Baby Steps to Waldorf Rhythm

I have had some parents ask me once they have their awake, nap, and bed times pretty well-established, where should they go from there in terms of rhythm or general Waldorf lifestyle?

I think this is very individual depending upon the situation of the family, the ages of the children, but I am going to toss out some possible suggestions for those with children under the age of 7:

The first place to start is ALWAYS with YOURSELF.  You must find at least ten minutes for you to sit uninterrupted and think and meditate on what the needs of your family really are, and what steps you need to guide them and set the tone in your own home.  This is always first!

Think seriously about the way Steiner viewed the needs of the small child – to be firmly in their home environment, less words, music and singing and verses, less stimulation with protection of the 12 senses.  Stop talking to your under 7 child as if they are a miniature adult and respect their right to be LITTLE and innocent.  That is big inner work to see if  you believe in this view, and how you implement this day-to-day.

After that, there are several possibilities:

One possibility would be to next focus on your environment – decluttering your house, establishing routines for cleaning your house, and establishing routines for cooking real home-cooked foods made with love for your family.  A place of help for you may be

If you were a family where there was very little structure in place and this a big transition for you all, perhaps consider starting with outside time for your child each day at the same time, and adding some structure by doing some practical work every day that your child can see.  The younger the child is, the less time this may take and you may have to build up the time gradually.  Steiner felt even 15 minutes of quality work done in a peaceful manner was wonderful for the child to see.  There are posts on this blog regarding connecting children to nature and on fostering creative play that may be of service to you.

If you have your home essentially in order, and some structure is in place, then perhaps you start building toward a storytelling time each day and some preparation toward festivals.

If you can get all that going, now is the time to pick a skill of the skill list on the post regarding “A Mother’s Job in the Waldorf Homeschool Kindergarten” and start to educate yourself.

I would love to hear from other families ways they made the transition.

Happy pondering,


17 thoughts on “Baby Steps to Waldorf Rhythm

  1. When my son was born, I developed a daily plan for housework, a la “wash on Monday, iron on Tuesday….” Ha! That didn’t last long. But as he grew older I did get into some rhythms, especially his — eating, sleeping, naps. We’re still doing that now that he’s 6, though nap time has gone away, sadly. Saying grace and ending the meal with “Thank you for our meal” has been a change for us over the last few years. We even do it when we go out to eat, in abbreviated form.

    One of the most distinctive things we do that is different from our neighbors (other than not watching TV!) is that we keep our kids dressed warmly. They wear long underwear 24 hours a day late autumn through spring, and hats when outside during most of that time as well. (We’re in Idaho, before that New York, so this has fit our climate.) I see underdressed children so often — running around with no coats with snow on the ground!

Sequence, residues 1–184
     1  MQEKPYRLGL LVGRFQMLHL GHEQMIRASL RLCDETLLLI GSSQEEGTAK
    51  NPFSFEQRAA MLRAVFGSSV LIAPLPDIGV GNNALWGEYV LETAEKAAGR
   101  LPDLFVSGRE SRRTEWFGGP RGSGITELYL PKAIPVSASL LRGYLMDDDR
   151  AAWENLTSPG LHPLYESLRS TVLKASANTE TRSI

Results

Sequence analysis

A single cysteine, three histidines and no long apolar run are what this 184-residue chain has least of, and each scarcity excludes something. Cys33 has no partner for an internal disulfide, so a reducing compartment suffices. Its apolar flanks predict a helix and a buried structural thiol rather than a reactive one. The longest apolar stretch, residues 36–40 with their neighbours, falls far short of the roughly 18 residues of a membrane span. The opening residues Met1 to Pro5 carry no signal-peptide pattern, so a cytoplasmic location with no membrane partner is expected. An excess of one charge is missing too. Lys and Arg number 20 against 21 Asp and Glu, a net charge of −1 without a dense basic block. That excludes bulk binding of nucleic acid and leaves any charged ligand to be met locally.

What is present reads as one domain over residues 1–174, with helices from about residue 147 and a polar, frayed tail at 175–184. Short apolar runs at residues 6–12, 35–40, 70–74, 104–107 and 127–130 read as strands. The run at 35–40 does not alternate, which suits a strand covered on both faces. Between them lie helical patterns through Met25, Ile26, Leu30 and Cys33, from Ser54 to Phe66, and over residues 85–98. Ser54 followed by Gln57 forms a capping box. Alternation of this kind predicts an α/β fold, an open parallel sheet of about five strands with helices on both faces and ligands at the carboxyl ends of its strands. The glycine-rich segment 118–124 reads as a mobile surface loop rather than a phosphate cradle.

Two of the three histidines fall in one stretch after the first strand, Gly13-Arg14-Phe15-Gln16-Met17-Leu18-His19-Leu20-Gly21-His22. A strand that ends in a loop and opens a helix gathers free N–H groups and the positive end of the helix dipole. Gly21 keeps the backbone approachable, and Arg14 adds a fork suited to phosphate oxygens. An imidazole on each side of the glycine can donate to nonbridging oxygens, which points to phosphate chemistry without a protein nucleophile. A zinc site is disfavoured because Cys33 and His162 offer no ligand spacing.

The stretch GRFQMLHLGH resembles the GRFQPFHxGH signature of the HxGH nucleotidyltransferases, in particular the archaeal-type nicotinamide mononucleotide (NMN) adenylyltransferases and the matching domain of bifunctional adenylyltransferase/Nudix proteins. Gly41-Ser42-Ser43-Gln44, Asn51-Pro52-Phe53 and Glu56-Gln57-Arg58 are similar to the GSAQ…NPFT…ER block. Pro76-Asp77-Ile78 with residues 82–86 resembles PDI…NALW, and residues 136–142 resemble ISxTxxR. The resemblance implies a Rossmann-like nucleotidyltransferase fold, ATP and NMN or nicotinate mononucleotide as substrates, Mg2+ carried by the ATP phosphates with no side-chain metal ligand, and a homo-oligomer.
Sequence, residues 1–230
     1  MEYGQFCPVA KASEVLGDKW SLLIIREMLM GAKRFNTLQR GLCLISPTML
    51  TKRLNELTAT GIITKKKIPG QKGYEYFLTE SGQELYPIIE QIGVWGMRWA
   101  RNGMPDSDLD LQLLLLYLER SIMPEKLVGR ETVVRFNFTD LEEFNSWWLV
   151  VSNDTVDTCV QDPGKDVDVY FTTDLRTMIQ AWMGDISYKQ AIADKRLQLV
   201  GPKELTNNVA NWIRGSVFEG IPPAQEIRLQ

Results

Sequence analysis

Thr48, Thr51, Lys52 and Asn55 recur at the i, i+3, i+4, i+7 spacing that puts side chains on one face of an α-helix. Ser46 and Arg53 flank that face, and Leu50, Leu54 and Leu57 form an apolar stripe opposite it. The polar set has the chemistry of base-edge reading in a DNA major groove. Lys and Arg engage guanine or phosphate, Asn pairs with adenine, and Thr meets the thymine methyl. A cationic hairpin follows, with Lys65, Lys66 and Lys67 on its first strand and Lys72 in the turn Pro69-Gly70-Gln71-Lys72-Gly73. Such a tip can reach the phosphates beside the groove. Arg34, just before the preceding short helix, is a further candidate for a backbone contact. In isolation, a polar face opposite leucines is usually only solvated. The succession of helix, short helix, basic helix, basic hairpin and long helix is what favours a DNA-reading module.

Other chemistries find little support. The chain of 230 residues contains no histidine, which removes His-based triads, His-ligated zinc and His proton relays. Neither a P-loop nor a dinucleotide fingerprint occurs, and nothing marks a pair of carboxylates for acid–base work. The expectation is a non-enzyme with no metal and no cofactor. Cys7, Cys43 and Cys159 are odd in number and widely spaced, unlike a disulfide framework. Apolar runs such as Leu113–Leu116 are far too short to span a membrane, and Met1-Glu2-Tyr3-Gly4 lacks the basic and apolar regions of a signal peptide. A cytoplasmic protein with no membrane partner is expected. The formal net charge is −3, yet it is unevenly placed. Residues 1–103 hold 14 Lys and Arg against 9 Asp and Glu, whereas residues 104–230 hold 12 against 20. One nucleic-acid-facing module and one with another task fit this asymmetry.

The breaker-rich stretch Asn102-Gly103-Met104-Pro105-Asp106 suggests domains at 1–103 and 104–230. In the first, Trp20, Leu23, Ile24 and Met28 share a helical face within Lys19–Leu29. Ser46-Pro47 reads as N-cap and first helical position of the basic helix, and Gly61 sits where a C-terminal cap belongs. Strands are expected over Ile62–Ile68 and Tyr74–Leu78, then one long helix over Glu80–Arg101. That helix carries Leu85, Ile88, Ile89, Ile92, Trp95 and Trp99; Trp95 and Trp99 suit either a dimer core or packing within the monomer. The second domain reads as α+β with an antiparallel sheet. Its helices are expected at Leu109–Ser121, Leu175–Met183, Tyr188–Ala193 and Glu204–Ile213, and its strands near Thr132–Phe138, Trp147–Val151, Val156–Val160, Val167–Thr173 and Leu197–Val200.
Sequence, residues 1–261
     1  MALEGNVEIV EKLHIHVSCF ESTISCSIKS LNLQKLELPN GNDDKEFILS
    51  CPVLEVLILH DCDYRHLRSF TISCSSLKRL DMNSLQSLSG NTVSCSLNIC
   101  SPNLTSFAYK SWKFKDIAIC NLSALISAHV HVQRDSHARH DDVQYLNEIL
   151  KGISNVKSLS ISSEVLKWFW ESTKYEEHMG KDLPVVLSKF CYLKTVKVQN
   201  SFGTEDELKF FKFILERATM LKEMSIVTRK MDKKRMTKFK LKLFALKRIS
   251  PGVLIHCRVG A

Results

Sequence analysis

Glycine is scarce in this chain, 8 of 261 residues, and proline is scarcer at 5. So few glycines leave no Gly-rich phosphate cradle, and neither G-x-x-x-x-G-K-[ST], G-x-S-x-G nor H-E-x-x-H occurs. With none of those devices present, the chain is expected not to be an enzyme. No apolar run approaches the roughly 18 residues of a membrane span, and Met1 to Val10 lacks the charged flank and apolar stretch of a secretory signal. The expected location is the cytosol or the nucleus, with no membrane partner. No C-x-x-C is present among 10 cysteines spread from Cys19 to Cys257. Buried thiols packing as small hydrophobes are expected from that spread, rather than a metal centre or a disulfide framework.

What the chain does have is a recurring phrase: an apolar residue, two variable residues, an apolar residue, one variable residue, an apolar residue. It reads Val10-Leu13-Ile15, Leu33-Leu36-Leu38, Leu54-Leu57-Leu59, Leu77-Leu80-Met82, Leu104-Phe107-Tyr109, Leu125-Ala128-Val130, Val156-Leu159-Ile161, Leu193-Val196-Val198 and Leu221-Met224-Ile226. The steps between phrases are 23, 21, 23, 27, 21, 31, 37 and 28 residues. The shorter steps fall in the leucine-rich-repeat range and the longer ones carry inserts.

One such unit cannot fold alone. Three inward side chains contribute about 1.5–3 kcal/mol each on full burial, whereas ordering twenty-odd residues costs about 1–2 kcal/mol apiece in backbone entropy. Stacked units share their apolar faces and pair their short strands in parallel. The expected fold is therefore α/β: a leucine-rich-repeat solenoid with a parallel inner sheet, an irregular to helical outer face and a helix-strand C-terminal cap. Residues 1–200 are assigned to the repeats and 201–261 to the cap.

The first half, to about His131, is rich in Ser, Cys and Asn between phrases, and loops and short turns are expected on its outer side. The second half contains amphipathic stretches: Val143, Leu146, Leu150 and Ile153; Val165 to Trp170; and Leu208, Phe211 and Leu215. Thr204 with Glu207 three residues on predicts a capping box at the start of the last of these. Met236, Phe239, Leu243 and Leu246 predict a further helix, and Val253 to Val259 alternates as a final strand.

• I think this is a great point, that rhythms can change and become “tighter”, for lack of a better word, as our children grow.
      Nice to see you here, I so admire your blog as well and I hope everyone goes to check your blog out! 🙂

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  3. Again, so much wisdom here Carrie, thank you – I am wondering where the post is “A Mother’s Job in the Waldorf Homeschool Kindergarten” that you refer to, I cannot find it in the search.

    with love xxx

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  10. We are very much the family that you refer to in your post, no prior set routines what so ever! But I have begun to try incoporating them into our day little by little. I introduced the colors of the day last week and a mealtime candle/saying grace for every meal-just that little change was a lovely thing! I’m still trying to pick a daily activity for my little ones though. We have a day of the week so far for painting and one for baking but that’s it so far. 🙂 (love your blog btw)

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  12. Hi Carrie,
    I am new and learning about Waldorf. I am on day Two of this series about mindful parenting and would like more information regarding Steiner and what children need related to senses in the early years. Is there a link to more information you could share with me?
    Thank you,

    • Hi Julie!
      There are quite a few posts on here if you use the search box and search “the Twelve Senses” and “sensory”. There are also many posts marked by age under the header labeled “development”.
      Glad you are here!

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